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Tuesday May 17, 2022

Govt-IMF agreement: Deal done on tough terms

The Pakistani authorities and IMF staff have reached a staff-level agreement on policies and reforms

November 23, 2021

ISLAMABAD: The IMF on Monday announced that Pakistan and the Fund authorities had reached a staff-level agreement after evolving a consensus on prior actions. After implementation on agreed prior action, the IMF’s Executive Board will consider approval of the next tranche of over $1 billion.

According to IMF’s announcement made here on Monday, an International Monetary Fund (IMF) mission led by Ernesto Ramirez Rigo held virtual discussions during October 4-November 18, 2021, in the context of the 2021 Article IV consultations and the sixth review of the authorities’ reform programme supported by the IMF’s Extended Fund Facility (EFF).

The Pakistani authorities and IMF staff have reached a staff-level agreement on policies and reforms needed to complete the sixth review under the EFF. Meanwhile, Pakistan will have to make fiscal adjustments of over Rs800 bn by raising revenues and slashing down expenditure for striking a staff-level agreement with the IMF.

Now Islamabad will have to implement ‘toughest prior actions’ including getting approval of Parliament on SBP Amendment Bill for seeking approval of IMF’s Executive Board over $1 billion tranche probably on January 12, 2022. The government will have to present a mini-budget for seeking approval of Parliament to remove GST exemptions in order to fetch Rs350 billion.

After striking a staff-level agreement for holding the toughest ever negotiations with the IMF, Prime Minister’s Adviser on Finance Shaukat Tarin confirmed in a press briefing that the Fiscal and Monetary Coordination Board would cease to exist in the proposed draft of ‘rationalised’ State Bank of Pakistan (SBP) Amendment Bill.

Instead of tabling two bills in Parliament including SBP Amendment Bill 2021 and Supplementary Tax Law to abolish GST exemptions, the IMF has placed as prior action to pass these two bills from Parliament to make it laws of the land. Now the question arises how the IMF can dictate the sovereign Parliament as submission of law before the Parliament was accepted as conditions in the past but the first time approving of laws were made part of prior action under the IMF programme.

The prior action means that until and unless these actions will be taken or implemented, the IMF’s Executive Board will not consider approval of the next tranche. Keeping in view the thin majority, it will be challenging for the PTI-led regime to get these bills approved within the desired timelines of January 12, 2022, when the IMF’s Executive Board was expected to take up Pakistan’s case for approving the next tranche of over $1 billion.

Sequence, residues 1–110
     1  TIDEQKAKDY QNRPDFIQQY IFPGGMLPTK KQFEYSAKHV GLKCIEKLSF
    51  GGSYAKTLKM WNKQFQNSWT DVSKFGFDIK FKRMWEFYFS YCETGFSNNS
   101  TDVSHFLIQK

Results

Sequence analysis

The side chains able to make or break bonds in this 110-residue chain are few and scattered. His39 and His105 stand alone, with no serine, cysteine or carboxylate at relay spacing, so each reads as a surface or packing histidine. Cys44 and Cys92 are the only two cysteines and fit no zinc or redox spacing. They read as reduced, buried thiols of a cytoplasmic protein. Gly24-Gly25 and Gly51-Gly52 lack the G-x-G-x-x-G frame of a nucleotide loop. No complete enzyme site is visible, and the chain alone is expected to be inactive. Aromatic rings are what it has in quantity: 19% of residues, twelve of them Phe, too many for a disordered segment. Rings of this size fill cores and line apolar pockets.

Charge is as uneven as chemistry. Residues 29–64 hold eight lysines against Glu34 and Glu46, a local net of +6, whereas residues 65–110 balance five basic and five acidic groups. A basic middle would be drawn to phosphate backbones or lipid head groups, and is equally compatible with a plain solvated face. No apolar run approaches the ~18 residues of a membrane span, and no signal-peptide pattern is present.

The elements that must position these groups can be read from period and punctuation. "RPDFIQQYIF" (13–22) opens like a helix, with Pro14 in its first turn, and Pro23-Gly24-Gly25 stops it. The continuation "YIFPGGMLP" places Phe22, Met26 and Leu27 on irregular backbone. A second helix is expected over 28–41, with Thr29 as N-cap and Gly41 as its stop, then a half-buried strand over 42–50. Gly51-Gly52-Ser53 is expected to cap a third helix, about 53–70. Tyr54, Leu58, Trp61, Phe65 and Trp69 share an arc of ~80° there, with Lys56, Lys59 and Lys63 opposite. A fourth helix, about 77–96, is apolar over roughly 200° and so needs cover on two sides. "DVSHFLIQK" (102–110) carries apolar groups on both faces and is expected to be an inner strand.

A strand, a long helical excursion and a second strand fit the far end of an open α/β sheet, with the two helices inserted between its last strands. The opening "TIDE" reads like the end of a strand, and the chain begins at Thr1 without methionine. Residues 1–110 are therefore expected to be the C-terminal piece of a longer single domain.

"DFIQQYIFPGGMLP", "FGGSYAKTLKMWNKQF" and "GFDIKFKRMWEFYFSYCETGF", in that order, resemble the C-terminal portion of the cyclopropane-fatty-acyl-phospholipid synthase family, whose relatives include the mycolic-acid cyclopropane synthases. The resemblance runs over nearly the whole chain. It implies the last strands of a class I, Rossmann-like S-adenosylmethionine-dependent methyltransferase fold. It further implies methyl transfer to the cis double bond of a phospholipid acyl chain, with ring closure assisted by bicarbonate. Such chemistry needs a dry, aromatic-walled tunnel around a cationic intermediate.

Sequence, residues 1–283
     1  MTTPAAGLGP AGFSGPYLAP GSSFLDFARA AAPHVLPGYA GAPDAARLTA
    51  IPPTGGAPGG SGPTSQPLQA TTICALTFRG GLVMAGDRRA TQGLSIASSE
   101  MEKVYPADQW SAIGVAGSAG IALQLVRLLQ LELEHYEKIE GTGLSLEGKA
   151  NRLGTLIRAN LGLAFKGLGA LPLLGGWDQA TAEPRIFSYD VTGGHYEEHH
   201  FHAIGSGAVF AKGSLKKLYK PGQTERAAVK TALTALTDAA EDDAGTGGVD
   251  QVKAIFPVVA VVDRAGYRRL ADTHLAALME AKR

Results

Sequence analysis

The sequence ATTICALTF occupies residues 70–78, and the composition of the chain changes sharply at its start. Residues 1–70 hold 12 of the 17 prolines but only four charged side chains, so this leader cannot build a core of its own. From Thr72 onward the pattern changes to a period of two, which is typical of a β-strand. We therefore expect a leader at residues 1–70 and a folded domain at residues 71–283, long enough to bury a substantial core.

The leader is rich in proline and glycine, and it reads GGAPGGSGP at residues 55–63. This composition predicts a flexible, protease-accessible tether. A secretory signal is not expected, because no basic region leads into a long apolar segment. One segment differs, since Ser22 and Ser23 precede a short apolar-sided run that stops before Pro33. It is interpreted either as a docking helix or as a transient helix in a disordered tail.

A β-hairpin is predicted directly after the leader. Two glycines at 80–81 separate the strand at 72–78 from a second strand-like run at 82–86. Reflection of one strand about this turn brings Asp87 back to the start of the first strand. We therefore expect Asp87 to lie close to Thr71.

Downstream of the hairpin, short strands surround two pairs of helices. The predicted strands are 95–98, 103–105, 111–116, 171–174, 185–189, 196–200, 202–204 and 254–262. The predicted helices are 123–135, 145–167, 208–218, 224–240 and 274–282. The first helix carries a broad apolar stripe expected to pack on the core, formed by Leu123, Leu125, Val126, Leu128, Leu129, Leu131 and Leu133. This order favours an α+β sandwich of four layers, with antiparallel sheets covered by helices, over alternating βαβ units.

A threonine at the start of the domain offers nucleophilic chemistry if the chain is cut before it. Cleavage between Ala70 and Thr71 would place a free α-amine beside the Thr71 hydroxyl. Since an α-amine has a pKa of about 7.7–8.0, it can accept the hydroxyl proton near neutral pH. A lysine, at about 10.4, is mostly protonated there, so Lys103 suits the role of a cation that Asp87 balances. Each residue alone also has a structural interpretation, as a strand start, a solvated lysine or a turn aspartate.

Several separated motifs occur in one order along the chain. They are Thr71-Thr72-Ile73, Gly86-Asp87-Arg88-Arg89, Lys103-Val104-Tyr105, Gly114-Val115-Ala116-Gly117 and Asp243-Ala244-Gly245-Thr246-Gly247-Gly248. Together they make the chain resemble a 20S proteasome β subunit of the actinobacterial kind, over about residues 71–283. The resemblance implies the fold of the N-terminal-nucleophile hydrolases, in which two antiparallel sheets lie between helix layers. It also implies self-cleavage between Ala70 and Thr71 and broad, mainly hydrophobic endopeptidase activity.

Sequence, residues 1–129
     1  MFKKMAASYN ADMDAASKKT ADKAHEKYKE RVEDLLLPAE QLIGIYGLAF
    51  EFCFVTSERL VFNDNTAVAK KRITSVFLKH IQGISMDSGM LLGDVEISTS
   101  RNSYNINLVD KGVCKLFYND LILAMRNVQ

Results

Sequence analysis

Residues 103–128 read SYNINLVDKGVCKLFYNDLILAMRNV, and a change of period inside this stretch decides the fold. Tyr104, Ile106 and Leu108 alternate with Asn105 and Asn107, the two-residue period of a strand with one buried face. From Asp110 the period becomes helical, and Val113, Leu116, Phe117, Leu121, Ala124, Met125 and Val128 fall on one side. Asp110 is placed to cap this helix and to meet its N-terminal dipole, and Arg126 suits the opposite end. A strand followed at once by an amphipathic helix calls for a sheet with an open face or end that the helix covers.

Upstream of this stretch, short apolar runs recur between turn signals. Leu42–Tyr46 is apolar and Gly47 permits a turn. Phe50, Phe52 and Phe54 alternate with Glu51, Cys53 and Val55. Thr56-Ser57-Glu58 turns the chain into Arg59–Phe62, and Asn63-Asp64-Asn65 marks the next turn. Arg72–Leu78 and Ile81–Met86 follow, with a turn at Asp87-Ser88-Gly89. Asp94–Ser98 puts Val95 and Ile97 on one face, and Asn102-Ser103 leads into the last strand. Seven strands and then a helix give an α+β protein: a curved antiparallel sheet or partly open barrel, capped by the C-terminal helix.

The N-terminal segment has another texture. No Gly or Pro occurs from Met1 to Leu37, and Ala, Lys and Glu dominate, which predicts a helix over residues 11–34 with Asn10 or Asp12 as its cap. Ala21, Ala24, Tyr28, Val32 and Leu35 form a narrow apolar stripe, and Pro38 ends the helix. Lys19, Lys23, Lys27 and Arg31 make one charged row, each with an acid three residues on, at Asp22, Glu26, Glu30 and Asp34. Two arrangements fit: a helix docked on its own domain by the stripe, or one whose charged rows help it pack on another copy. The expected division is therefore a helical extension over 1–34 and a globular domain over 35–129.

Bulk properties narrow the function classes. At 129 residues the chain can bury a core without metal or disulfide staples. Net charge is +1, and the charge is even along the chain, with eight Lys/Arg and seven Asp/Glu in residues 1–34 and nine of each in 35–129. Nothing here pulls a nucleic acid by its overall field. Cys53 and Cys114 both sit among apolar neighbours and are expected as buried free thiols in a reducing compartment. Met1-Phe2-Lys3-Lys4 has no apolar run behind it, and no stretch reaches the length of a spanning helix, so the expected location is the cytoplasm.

“The government has agreed with the IMF to jack up petroleum levy by Rs4 per litre every month to increase it up to Rs30 per litre for collection of revised amounts of Rs356 billion against initial collection estimates of Rs610 billion during the current fiscal year 2021-22. The government also agreed with the IMF for passing GST supplementary bill for abolishing tax exemptions of Rs350 billion,” Shaukat Tarin said along with Minister for Energy Hammad Azhar during a news conference held at Pak China Friendship Center on Monday.

He said that the IMF envisaged the budget deficit at 6.3 percent of GDP while the primary balance was asked to bring from a deficit of 0.7 percent of GDP to surplus in the current fiscal year.

Prime Minister’s Adviser on Finance Shaukat Tarin accepted that the poor living in urban areas were facing a difficult situation but he expressed hope that when international oil prices, commodities, coal, and palm oil would come down, the inflation would start receding, however, he added in the same breath that the government started providing targeted subsidy to 20 million households to bring solace in their lives.

He said that it was the toughest negotiation with the IMF because the Fund staff argued that the policy action approved by its Executive Board could not be altered. Pakistan had obtained $500 million additional in March 2021 and agreed for withdrawal of tax exemption of Rs700 billion, submission of State Bank of Pakistan Amendment Bill, and raising of power tariff by Rs4.95 per unit.